Sunday July 8, 2012
Getting out of the city of Amman, we drove into the north of Jordan, visiting some major sites. The contrast between the crowded, sprawling urban Amman and the expanses of the North is immediately striking. Hilly, rocky, yet dotted with the green of trees and shrubs, I realized that Biblical sites were all around us and that I was woefully ignorant of much of the history of this region.
This is the region associated with Jacob from the Old Testament – Jacob, Laban, Rachel, and so on.
Driving through the countryside, we first stopped at Ajloun Castle, Qala ‘At Ar-Rabad. This castle was built by the orders of Saladin, one of the most important of the leaders who battled the Crusaders. His nephew (also one of his generals) built Ajlun Castle between 1184-1188 C.C. (Common Era). It overlooks the Jordan Valley and three wadis leading into it. It was an important element in the defensive of the Holy Land against the Crusaders. In fact, the castle is a counterpoint to Belvoir Fort, a Crusader castle on the Sea of Galilee in present-day Israel.
The castle is worth a climb, though I didn’t venture up into the highest part – I have problems at times with stairs and height and don’t push it. Rather, I people-watched as a number of other visitors came in. A family of Saudis entered, chattering children in tow. A woman fully veiled in black sat on the steps going up into the castle. I wandered through the small museum, and spent most of my time taking photographs.
I’ve read about the Crusaders for decades, but here I was in a place that was key in the defense of the Muslim lands and people. One book I now want to read is one that was written from the point of view not of a Crusader, but from one of the Muslims.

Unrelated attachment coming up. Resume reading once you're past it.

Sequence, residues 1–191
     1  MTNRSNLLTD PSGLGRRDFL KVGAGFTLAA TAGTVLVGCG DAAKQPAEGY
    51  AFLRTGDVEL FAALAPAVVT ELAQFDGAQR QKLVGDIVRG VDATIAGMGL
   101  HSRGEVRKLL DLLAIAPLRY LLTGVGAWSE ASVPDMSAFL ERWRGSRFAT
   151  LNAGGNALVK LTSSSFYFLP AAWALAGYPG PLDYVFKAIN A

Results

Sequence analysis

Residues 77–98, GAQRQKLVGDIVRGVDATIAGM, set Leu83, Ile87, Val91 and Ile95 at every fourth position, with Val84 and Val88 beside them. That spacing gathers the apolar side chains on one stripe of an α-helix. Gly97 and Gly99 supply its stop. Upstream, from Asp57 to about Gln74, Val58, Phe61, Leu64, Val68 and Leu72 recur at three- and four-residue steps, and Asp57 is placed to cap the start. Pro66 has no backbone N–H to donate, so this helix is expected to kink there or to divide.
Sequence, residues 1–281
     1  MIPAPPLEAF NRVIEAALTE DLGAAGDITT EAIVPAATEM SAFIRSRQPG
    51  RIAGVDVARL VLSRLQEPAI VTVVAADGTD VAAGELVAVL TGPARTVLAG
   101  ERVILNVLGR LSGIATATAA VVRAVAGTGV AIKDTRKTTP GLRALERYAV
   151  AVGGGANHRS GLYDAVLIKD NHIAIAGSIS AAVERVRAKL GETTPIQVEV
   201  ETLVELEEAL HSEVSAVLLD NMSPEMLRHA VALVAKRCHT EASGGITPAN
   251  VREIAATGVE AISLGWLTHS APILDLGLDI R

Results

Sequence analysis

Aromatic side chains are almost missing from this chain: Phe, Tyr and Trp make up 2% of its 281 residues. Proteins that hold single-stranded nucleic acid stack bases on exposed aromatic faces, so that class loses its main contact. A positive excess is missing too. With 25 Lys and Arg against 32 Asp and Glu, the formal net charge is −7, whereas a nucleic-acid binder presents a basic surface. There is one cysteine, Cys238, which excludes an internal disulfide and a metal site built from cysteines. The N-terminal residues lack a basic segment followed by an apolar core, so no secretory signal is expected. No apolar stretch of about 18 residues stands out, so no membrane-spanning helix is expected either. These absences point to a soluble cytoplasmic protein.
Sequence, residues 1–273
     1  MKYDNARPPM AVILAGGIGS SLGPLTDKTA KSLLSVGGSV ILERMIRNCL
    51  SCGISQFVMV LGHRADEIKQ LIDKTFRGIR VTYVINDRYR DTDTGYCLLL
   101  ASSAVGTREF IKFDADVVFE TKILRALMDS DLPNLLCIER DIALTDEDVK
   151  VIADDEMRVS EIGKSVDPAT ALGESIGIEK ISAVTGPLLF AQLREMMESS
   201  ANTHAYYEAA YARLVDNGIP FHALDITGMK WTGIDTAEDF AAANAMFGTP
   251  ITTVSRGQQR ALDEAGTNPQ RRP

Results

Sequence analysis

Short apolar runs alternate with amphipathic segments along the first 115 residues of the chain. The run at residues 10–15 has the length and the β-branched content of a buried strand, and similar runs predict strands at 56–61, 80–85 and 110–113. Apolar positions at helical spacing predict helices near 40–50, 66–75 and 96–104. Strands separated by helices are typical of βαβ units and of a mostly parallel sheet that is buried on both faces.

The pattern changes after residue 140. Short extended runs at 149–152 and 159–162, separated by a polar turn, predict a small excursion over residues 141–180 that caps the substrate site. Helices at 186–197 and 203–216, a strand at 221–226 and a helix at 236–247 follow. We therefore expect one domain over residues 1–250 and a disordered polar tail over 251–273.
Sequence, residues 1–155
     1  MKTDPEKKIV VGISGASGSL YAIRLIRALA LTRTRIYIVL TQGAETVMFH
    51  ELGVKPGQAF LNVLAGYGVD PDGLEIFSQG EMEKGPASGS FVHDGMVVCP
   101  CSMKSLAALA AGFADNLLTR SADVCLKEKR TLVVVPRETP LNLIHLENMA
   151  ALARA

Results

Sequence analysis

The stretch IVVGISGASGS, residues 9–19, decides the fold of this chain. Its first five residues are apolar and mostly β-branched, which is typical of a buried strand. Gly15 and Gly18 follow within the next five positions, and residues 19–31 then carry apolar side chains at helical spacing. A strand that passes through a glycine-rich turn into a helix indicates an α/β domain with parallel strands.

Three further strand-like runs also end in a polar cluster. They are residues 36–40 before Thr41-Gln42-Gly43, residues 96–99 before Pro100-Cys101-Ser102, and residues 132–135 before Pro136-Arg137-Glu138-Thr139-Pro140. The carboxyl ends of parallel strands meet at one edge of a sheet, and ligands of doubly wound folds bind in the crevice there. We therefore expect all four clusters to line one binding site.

As we drove through the communities and the countryside, our tour guide, Abdullah, filled us in on the history of Jordan, including many references to Biblical places and people and events from the Old Testament. Again, I was reminded that I was now in part of the Holy Land.
I was in the Gilead Hills – the phrase “the balm of Gilead” echoed in my head on and off all day. No longer an empty place name, Gilead now had concrete reality for me.
Indeed, we were in what was one of four specific “kingdoms” – this was east of the Jordan River. In Amman we were in another one, Amon.
Today our journey took us to Ajlun Castle, also known as Qala “at Ar-Rabad. Built between 1184-1189 C.E. by a nephew of Saladin (and on his orders), the Castle looks over the Jordan Valley and 3 wadis leading into it. It was an important defensive position for Saladin and his troops – it was in counterpoint to Belvoir Fort, a Crusader castle on the Sea of Galilea in present-day Israel.
Near here, the prophet Elias (Elijah) was born.
I explored the lower part of the castle, not venturing into the upper areas – but I enjoyed taking lots of photographs and examining the displays in the small museum there. It was also interesting to see other tourists exploring the site – Arabs from Saudi Arabia, entire families, women in burqas. I was far from bored.